The Media Industry is Rapidly Changing

Ken Kurson has worked at the intersection of media and politics for many years. He has had a front-row seat to the dramatic changes that are taking place within the industry. The reality of the situation is such that technology has been the driving force behind this change. Not any different than other industries, the media industry has had some actors that have been able to successfully adapt to these changes, and others that have not.

Those that have been stubborn so as not to adapt accordingly have suffered economically. Indeed, the economic model of the typical media property has changed drastically over the last decade – and understandably so. The changes that continue to take place are a function of broader changes happening in commercial industry and society more generally. Instead of resisting the change however, wise and prudent press barons and publishers have embraced it  and sought out opportunities it  has created.

Indeed there are a plethora of opportunities that can be capitalized upon in the interest of engendering a larger audience of readership for outlets. Media properties have increasingly transitioned from print formats to digital formats in recent years. For some, this has provided additional sources of revenue. Naturally, the opportunity to generate advertising revenue through digital subscriptions and other means has been a life-saver for those media properties that have really been suffering economically through this all. Ken Kurson has been a promoter of those outlets that have sought to capitalize on these changes in the interest of not only generating more readers but also becoming more financially sustainable.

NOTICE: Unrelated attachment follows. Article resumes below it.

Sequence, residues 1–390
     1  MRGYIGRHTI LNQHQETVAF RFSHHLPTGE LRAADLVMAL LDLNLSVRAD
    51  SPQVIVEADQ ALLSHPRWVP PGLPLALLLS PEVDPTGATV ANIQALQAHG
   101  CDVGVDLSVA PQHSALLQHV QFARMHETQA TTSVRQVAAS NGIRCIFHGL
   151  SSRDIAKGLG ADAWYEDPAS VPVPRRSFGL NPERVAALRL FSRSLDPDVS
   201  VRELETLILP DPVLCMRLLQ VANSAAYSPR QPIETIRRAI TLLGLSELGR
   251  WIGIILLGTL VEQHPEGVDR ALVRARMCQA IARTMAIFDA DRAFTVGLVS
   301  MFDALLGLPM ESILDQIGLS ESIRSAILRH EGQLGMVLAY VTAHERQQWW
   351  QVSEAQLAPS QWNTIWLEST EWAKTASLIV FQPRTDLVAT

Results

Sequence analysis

The changes that technology has brought upon the media industry are indeed numerous. But one thing that cannot possibly be underestimated is the ways in which media properties have seen their financial situations rapidly change as a direct consequence. These changes have been dramatic in some cases – but as significant as they’ve been, they have also been constructive for many. Let’s hope that in the interest of continuing to foment and promote journalism for the next generation, there is continued investment expended on utilizing technology to promote and build media properties in an organic and sustainable fashion.



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Pamela is a television journalist, humor writer and novelist. Her first novel, Allegedly, was released in 2015 by St. Martin’s Press. The book is available on Amazon and Barnes & Noble. She and her husband, Daniel, have a 3-year-old son, Carter.

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